On the other end of the DIY spectrum, we got some little kids craft kits from Grandpa's work. They contained all the pieces to make these hanging bats. The hard part was tracing the kids' hands for the wings and cutting them out. Other than that, everything stuck together like stickers.

Harvey's is the one with the non-standard nose

I dislike craft kits as a general rule. My kids are at an age where have to do 99% of the crafting work for them, and if that's the case I'd rather work on something creative I want to do, rather than pealing the backs off of pre-cut stickers. Which is just to say I think it's not worth the money when I can jimmy up two treasure chests for free from my fabric scraps. That said, my kids LOVE pre-packed bags full of craft crap, and Harvey for his part LOVES instructions and knowing how something is supposed to look. So they had a fun time, even if it was a mama set-up, mama cut stuff, mama clean-up kind of thing.

And now that it's November, the photo is all that remains of those stupid bats. That I moved from the floor to the refrigerator seventy times before finally putting them in the trash. Hey, it's almost time for turkey crafts anyway!


Halloween tricksters

The excitement over Halloween was higher this year than it's EVER BEEN in our family before. Harvey has reached the age of reason where he understands the excitement of trick-or-treating, the excitement of wearing a costume, the excitement of his friends coming over to GO TRICK-OR-TREATING IN COSTUMES, OH MY GOODNESS THE EXCITEMENT IS TOO MUCH.

Zion picked up on Harvey's energy, and it took a full hour to get them fully ready in their costumes. In a moment of brilliance I insisted that a bath was an essential part of transforming into a pirate. Then Zion ran around for a half hour in a pirate vest and nothing else. Once they were dressed it was no less crazy. Turns out pirates are difficult to photograph.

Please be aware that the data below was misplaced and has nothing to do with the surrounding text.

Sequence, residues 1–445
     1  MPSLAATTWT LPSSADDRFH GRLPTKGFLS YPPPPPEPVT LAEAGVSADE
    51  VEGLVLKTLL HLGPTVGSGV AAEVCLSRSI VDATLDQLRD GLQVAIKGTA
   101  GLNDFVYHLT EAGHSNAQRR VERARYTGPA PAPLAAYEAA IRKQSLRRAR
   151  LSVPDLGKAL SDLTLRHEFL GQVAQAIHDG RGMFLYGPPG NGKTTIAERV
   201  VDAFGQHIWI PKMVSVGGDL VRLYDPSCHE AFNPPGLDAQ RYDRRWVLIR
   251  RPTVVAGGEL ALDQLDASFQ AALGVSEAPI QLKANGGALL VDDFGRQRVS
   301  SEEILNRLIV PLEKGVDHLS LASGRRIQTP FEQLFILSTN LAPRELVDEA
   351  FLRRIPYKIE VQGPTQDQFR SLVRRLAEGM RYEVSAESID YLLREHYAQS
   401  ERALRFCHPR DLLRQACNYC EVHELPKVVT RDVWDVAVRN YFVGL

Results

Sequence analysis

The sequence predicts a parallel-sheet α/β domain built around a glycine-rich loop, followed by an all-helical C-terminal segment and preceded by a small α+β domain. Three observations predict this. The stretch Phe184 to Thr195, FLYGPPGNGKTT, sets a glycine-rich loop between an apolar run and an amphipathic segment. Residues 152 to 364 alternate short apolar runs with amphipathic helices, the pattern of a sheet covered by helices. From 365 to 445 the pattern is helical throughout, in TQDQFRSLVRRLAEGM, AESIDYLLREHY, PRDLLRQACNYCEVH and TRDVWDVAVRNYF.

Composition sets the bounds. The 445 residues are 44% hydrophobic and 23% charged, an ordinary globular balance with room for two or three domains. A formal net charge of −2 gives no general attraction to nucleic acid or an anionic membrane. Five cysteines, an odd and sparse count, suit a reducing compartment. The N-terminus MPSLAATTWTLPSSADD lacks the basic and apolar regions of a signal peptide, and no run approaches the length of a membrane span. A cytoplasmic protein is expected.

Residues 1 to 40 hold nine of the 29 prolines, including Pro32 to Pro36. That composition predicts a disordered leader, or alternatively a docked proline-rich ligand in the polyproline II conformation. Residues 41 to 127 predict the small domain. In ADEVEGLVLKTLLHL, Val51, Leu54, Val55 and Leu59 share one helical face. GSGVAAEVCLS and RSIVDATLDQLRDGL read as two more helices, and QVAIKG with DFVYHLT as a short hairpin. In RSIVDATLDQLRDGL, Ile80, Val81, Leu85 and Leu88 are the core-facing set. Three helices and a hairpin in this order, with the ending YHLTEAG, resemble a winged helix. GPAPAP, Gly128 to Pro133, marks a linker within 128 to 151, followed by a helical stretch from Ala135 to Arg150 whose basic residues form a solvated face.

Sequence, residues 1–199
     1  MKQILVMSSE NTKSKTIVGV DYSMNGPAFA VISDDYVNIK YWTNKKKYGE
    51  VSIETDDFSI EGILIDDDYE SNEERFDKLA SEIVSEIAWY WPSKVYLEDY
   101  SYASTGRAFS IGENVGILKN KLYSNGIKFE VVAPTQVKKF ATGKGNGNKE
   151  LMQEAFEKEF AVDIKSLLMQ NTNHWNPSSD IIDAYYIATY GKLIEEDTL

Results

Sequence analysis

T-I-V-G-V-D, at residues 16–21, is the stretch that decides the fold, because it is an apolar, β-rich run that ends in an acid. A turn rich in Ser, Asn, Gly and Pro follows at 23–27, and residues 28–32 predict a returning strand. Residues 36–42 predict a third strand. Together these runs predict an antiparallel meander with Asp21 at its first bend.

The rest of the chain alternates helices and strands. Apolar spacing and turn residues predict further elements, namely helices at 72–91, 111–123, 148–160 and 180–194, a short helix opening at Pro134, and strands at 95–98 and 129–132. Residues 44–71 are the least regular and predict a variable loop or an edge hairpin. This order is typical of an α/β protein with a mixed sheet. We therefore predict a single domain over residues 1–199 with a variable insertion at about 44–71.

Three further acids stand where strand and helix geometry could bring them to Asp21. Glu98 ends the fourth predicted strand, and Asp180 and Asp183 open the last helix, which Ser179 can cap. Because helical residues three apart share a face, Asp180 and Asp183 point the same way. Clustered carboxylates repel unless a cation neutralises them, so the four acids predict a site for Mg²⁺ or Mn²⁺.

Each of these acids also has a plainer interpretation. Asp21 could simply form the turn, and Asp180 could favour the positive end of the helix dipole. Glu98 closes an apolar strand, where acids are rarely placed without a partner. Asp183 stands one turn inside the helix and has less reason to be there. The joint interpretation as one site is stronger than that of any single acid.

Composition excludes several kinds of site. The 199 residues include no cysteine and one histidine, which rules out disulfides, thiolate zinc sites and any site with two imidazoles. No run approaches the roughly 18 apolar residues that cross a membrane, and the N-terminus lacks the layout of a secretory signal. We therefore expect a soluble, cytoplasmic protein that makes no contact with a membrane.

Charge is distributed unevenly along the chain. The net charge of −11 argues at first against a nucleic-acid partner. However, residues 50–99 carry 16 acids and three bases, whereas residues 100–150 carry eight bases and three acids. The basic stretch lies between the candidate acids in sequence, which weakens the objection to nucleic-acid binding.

I also made myself a pirate costume. Unlike my children, I can stand still for a photograph.

would be sexier if the corset strings weren't elastic

I'm so happy with the way these costumes came out I'm thinking of starting a dress-up box for the kids so they can play pirates more often. Katie suggested the improvement of sewing the sashes to the vest to keep them in place. Of course! Brilliant! Why didn't I think of that? I only adjusted their sashes like fifty times while trick-or-treating. I'll have to fix that as soon as I figure out where in the house they stashed their sashes.

Though you can't tell from the photos, these costumes were the most complex ones I've made to date, even using "real" clothing patterns for the shirts and pantaloons. The fabric was rather cheap; I did it all with $20 of supplies, but then I spent $15 on the stockings to wear under the pants so I don't really feel that thrifty. (Also, stockings? WTF? Parents of girls put those things on their children all the time? It took me like ten minutes alone to get those stockings on my kids.) Dan's mom made a comment that sewing will get easier once Zion can wear Harvey's old costumes and I was like, "What are you talking about? They have to MATCH!"